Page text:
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Laboratory Testing in Diabetes

Key points and Introduction Labs diabetes PDF
People at high risk of diabetes
Prevention and identification
How to test
Laboratory tests and monitoring
Laboratory tests to prevent and delay complications of diabetes
Diabetic renal disease
Other tests
References

Full colour PDF of the The Laboratory Testing in Diabetes POEM.
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Download a powerpoint presentation of the key points.

Key Points

  “...the human and economic costs of diabetes can be reduced by prevention, particularly early detection...” International Diabetes Federation
  • Fasting morning venous glucose is the best initial test for diagnosing diabetes.
  • An oral glucose tolerance test is reserved for people with equivocal fasting glucose results.
  • Patients with impaired glucose tolerance or impaired fasting glucose benefit from lifestyle intervention and annual review.
  • HbA1C is the best test of glycaemic control in diabetes.
  • Patients with diabetes benefit from aggressive monitoring and management of all cardiovascular risk factors.

Introduction

The prevalence of diagnosed diabetes in New Zealand is estimated to be 3 - 4% and is higher among Māori (5 - 10%), Pacific Island peoples (4 - 8%) and people of Asian origin (4%). In New Zealand, 115,000 people were estimated to have diabetes in the year 2000, but this is predicted to increase to over 160,000 by 2021 (NZGG, Diabetes, 2003).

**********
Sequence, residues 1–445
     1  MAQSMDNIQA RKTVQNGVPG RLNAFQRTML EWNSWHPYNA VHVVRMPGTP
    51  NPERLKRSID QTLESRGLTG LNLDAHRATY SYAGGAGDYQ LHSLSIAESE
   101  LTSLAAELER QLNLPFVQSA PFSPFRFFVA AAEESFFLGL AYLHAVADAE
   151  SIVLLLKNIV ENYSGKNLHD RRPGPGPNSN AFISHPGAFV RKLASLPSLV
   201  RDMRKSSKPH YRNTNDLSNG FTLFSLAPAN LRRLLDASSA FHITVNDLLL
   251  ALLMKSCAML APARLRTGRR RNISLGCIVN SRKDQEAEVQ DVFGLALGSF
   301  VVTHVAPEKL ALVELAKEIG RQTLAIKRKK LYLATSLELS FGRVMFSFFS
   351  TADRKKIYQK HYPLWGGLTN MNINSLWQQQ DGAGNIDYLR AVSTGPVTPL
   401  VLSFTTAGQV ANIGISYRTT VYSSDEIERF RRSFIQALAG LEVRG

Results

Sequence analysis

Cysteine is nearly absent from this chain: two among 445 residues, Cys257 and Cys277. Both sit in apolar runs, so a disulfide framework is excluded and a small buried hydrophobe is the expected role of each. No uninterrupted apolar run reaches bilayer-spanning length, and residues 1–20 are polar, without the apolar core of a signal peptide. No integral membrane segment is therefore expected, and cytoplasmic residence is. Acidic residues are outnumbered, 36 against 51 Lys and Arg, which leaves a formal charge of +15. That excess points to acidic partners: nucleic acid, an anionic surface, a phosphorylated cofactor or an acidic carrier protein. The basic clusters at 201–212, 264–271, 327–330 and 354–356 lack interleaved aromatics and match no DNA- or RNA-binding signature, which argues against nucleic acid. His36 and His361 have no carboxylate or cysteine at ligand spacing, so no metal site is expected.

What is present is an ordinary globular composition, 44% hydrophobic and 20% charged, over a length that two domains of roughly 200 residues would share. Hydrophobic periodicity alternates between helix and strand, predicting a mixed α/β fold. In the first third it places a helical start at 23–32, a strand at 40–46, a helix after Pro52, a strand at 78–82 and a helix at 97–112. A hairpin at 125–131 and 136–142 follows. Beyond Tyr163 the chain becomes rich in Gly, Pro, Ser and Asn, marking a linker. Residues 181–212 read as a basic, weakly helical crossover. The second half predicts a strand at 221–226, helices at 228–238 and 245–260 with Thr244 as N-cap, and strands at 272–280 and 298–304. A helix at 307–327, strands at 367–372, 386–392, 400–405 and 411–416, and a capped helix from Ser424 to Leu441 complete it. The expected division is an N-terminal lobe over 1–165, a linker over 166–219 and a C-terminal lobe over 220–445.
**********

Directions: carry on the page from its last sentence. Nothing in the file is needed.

Type 1 diabetes

  Type 1 diabetes
  • Most frequently affects children and adolescents.
  • Symptoms include excessive thirst, excessive urination, weight loss and lack of energy.
  • Daily insulin injections required for survival.
Type 2 diabetes
  • Occurs mainly in adults.
  • Usually people have no early symptoms.
  • People may require oral hypoglycaemic drugs and may also need insulin injections.

Type 1 diabetes mellitus develops most frequently in children and adolescents. About 5% to 10% of people with diabetes have type 1 diabetes, and it accounts for 3% of all new cases of diabetes each year. The exact cause of type 1 diabetes is not known, but is thought to be autoimmune. Patients require daily insulin injections for survival.

Type 2 diabetes

Type 2 diabetes is more common than type 1 diabetes. Type 2 diabetes results from the combination of insulin resistance (resistance by body tissues to the action of insulin), and an insulin secretory defect.

Type 2 diabetes occurs mainly in adults although it is now also increasingly found in children and adolescents. Most people with type 2 diabetes, however, have no early symptoms and are only diagnosed several years after the onset of the condition, when various diabetic complications are often already present.

People with type 2 diabetes may require oral hypoglycaemic drugs and may also need insulin injections.


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